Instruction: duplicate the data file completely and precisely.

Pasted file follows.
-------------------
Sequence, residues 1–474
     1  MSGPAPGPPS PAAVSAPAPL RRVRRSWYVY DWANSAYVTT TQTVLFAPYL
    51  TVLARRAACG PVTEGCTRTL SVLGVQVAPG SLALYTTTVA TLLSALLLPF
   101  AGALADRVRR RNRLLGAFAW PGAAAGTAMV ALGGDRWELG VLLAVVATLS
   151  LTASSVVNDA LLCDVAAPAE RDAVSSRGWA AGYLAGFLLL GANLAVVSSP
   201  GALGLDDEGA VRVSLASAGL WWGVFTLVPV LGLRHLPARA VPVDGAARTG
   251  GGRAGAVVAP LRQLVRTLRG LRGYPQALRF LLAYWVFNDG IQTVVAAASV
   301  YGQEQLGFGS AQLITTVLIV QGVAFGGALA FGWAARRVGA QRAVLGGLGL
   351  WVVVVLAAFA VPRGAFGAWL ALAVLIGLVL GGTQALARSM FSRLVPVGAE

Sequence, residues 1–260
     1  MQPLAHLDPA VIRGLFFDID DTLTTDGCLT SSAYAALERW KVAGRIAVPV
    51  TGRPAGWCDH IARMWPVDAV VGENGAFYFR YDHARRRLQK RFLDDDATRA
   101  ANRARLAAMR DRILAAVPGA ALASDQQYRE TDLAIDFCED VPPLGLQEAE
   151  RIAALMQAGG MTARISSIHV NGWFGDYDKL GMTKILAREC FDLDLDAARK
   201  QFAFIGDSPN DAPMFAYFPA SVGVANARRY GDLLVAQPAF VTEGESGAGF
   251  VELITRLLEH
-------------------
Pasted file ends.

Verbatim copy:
Sequence, residues 1–474
     1  MSGPAPGPPS PAAVSAPAPL RRVRRSWYVY DWANSAYVTT TQTVLFAPYL
    51  TVLARRAACG PVTEGCTRTL SVLGVQVAPG SLALYTTTVA TLLSALLLPF
   101  AGALADRVRR RNRLLGAFAW PGAAAGTAMV ALGGDRWELG VLLAVVATLS
   151  LTASSVVNDA LLCDVAAPAE RDAVSSRGWA AGYLAGFLLL GANLAVVSSP
   201  GALGLDDEGA VRVSLASAGL WWGVFTLVPV LGLRHLPARA VPVDGAARTG
   251  GGRAGAVVAP LRQLVRTLRG LRGYPQALRF LLAYWVFNDG IQTVVAAASV
   301  YGQEQLGFGS AQLITTVLIV QGVAFGGALA FGWAARRVGA QRAVLGGLGL
   351  WVVVVLAAFA VPRGAFGAWL ALAVLIGLVL GGTQALARSM FSRLVPVGAE

Sequence, residues 1–260
     1  MQPLAHLDPA VIRGLFFDID DTLTTDGCLT SSAYAALERW KVAGRIAVPV
    51  TGRPAGWCDH IARMWPVDAV VGENGAFYFR YDHARRRLQK RFLDDDATRA
   101  ANRARLAAMR DRILAAVPGA ALASDQQYRE TDLAIDFCED VPPLGLQEAE
   151  RIAALMQAGG MTARISSIHV NGWFGDYDKL GMTKILAREC FDLDLDAARK
   201  QFAFIGDSPN DAPMFAYFPA SVGVANARRY GDLLVAQPAF VTEGESGAGF
   251  VELITRLLEH